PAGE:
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Hi Michael, here’s a link that breaks it all down:
The professor said that if you’re a cyclist, how much automobile traffic there is on the roads that we frequent on our bikes, with cars only a few feet away from us, spewing out their exhaust in our faces, is much more of a consideration, hence
we should all focus on riding on roads with less vehicular traffic, instead of worrying about the visible but far less harmful smoke that we can see outside this past week or so.
If the AQI is the wrong number, which number(s) should we pay attention to?
He said it’s irrelevant and the least scientific method of extrapolating the most meaningful particulates. He considers AQI an entertaining number at best. The instruments he uses in lab conditions are far better.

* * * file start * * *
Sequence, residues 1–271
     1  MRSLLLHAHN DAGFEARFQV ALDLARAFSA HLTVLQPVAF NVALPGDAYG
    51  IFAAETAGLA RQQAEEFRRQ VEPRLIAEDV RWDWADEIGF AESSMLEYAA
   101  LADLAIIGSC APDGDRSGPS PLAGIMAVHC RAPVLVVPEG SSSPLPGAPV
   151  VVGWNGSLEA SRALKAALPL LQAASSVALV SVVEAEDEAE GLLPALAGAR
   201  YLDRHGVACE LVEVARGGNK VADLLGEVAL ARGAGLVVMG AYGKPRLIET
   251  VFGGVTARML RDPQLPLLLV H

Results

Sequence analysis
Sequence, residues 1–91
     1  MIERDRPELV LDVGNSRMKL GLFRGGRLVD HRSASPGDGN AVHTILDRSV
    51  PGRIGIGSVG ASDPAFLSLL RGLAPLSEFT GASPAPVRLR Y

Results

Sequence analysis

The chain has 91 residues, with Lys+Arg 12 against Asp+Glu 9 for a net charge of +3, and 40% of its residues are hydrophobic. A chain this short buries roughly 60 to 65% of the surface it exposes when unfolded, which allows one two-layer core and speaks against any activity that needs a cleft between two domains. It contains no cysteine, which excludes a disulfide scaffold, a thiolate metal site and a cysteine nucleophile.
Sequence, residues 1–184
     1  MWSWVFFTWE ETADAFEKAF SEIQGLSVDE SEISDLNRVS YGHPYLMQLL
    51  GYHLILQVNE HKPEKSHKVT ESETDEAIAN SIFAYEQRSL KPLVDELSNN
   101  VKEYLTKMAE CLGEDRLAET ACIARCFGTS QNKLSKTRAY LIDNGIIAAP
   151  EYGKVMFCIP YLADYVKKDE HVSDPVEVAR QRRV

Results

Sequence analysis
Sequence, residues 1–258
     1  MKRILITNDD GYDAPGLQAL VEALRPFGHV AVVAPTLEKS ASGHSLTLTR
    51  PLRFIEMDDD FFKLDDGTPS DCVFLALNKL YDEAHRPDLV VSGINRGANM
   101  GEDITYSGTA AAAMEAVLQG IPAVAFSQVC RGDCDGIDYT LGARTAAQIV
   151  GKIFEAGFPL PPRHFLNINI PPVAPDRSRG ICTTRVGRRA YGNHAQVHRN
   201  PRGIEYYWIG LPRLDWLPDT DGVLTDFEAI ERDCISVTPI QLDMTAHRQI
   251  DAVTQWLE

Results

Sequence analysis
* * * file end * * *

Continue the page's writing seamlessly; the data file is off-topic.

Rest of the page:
What does the professor think of the air quality index?
According to the professor of environmental science from Stanford that I just spoke with at my job, the exhaust fumes from cars is far more concerning for our health than the smoke-related particulates that have temporarily contaminated our atmospheric
conditions. He said that if what cars spew out were as visible as the smoke that we’ve been dealing with, then people would wear masks all the time. I shall therefore be riding tomorrow. Anyone care to join me?
By the way, I miss you guys!
On Nov 19, 2018, at 4:05 PM, Vanessa McDonnell <vanessa@...
Due to the continuing poor air quality tomorrow’s Tuesday Hills ride is cancelled. Per club rules the ride is now a show and go.
We have a lot to be thankful for but unfortunately our list doesn’t include air quality.